ISLAMABAD, Pakistan – A car bombing that killed six people outside the Danish Embassy in Pakistan's capital was carried out by a homicide bomber, a senior investigator said Tuesday.
That conclusion could strengthen suspicion that Al Qaeda or an affiliate carried out Monday's blast in retribution for the publication in Denmark of caricatures of the Prophet Muhammad.
On Tuesday, Pakistani investigators searched through the rubble at the scene of the explosion in a leafy neighborhood of Islamabad where security is supposed to be tight. Danish experts were expected to join them.
"I think we can say with a reasonable degree of confidence that it was a suicide attack," Tariq Pervez, director general of the Federal Investigation Agency, told The Associated Press.
Pervez wouldn't say what pointed in that direction.
He said the bomb contained about 55 pounds of explosives and was similar to one used in a suicide bombing in the eastern city of Lahore in March.
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Authorities have provided no results of the investigation into that attack, and Pervez declined to discuss who might have been responsible for Monday's blast.
But the Danish Security and Intelligence Service, known as PET, said the embassy was the likely target.
"It is PET's assessment that Al Qaeda or an Al Qaeda-related group likely is behind the attack," agency director Jakob Scharf said in a statement late Monday.
He added that "a series of other militant Islamic groups and networks in Pakistan also could have the intention and the capacity to hit Danish targets in Pakistan."
The blast wounded some 35 people, left a deep crater on the road outside the embassy and severely damaged a development group's office nearby. The embassy building remained standing, though its windows shattered.
Senior police officer Ahmed Latif said the attacker apparently used a fake diplomatic license plate to get the car near the embassy.
Muhammad Mustafa, one of the Pakistani investigators searching the scene Tuesday, said they were "just trying to find any clue, any evidence. You know yesterday it was panic here. Usually we miss important things in panic."
Danish Foreign Ministry spokesman Klaus A. Holm said there were three Danish diplomats in Islamabad.
"They are working as best as they can in these difficult circumstances, in this building that doesn't really function, so we have to work from other places, other addresses, too," he said.
Denmark has faced threats at its embassies following the reprinting in February by about a dozen newspapers of a cartoon that depicted Muhammad wearing a bomb-shaped turban. That and other drawings of the prophet in a Danish newspaper sparked riots in the Muslim world in 2006.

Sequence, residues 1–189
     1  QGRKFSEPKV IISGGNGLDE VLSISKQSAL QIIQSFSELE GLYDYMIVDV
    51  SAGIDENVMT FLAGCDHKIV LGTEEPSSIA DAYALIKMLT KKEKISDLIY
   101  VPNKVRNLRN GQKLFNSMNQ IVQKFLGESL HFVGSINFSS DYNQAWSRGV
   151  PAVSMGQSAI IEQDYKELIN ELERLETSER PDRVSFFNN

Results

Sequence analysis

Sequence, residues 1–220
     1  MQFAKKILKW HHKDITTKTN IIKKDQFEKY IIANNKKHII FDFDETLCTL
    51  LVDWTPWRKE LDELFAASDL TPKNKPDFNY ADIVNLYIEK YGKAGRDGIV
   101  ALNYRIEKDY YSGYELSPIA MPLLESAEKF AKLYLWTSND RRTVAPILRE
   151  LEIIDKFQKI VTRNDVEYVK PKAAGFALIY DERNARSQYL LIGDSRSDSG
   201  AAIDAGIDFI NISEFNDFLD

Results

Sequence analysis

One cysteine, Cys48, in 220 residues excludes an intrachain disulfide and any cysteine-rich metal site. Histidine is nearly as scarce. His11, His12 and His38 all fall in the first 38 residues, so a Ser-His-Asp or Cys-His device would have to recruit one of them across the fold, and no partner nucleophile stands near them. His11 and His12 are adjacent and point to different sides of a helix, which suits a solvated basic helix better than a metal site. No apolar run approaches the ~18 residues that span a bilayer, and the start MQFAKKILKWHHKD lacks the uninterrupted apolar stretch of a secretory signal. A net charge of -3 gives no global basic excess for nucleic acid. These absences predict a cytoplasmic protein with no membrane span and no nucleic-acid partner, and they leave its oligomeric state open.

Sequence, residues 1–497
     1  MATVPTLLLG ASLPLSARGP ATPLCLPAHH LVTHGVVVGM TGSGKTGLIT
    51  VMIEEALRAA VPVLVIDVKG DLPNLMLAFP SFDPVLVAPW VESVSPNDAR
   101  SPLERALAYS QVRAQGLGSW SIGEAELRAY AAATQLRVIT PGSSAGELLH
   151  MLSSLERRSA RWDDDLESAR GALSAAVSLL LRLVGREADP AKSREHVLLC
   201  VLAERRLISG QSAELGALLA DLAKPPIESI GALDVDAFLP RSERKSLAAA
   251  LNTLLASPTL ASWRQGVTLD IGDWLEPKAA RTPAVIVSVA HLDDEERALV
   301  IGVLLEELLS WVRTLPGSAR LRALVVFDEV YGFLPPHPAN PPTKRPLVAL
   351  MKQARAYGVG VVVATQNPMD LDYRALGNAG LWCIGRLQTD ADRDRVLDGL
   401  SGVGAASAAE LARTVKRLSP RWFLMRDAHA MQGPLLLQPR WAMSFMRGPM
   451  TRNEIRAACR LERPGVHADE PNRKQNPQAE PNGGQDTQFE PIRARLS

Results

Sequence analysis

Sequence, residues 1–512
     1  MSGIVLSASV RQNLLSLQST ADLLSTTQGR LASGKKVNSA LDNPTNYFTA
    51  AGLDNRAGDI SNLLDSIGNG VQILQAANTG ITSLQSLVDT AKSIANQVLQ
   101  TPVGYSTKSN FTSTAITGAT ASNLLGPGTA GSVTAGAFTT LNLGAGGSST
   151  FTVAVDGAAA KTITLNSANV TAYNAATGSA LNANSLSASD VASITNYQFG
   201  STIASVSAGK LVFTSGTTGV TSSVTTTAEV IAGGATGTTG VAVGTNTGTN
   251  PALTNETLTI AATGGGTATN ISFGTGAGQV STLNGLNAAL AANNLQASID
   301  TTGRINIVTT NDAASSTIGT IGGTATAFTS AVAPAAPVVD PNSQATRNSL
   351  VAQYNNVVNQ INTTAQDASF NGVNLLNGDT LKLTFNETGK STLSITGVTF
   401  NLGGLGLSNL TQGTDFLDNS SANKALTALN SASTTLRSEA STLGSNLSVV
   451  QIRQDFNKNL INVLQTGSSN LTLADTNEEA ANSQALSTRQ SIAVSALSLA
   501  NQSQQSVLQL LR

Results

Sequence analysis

IntelCenter, a U.S. group that monitors Al Qaeda messages, said Al Qaeda called for attacks against Danish diplomatic facilities and personnel in a video last August, and repeated its threat in April.
The attack could heighten pressure on Pakistan to stop striking peace deals with militants along its border with Afghanistan, where Al Qaeda and Taliban fighters have found sanctuary.
Pakistan insists it is not talking to "terrorists" but rather militants willing to lay down their weapons. But the U.S. has warned that the deals could simply give militants time and space to rebuild strength.
Pakistani officials have implicated Pakistani militants in dozens of suicide blasts including the assassination of former Prime Minister Benazir Bhutto in December. That wave of attacks has eased markedly since the two-month-old government offered peace talks.
Pakistani Prime Minister Yousuf Raza Gilani said in a statement Monday that the blast would "redouble our resolve" to fight terrorism and extremism. However, Interior Ministry chief Rehman Malik said the attack would not affect the peace talks.
Pakistani government officials made no statement Tuesday about the attack.
The six dead included two Pakistani policemen, as well as a cleaner and a handyman employed by the embassy. One of the victims was Pakistani-born with a Danish passport, the Danish government said.
It was the first attack on foreigners in Pakistan since the March bombing of a restaurant in Islamabad that killed a Turkish aid worker and wounded at least 12 others, including at least four FBI personnel.